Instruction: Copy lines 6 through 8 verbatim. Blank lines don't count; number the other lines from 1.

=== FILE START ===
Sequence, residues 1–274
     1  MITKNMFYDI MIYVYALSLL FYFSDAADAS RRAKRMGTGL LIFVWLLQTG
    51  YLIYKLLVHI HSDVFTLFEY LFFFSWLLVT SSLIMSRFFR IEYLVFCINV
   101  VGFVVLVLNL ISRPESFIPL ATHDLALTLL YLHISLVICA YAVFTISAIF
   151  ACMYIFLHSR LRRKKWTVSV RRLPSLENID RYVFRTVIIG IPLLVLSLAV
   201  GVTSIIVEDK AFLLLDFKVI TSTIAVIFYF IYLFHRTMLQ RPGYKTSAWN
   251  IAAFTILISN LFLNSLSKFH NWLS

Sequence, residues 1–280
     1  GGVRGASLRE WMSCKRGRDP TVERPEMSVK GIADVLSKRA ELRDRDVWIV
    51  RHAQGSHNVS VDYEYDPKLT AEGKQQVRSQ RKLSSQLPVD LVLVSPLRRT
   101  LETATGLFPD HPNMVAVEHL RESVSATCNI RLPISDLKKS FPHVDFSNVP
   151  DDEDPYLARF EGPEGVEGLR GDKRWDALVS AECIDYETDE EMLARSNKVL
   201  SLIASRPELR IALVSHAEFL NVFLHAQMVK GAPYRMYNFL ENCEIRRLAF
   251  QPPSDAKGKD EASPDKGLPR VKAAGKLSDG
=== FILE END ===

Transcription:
   201  GVTSIIVEDK AFLLLDFKVI TSTIAVIFYF IYLFHRTMLQ RPGYKTSAWN
   251  IAAFTILISN LFLNSLSKFH NWLS

Sequence, residues 1–280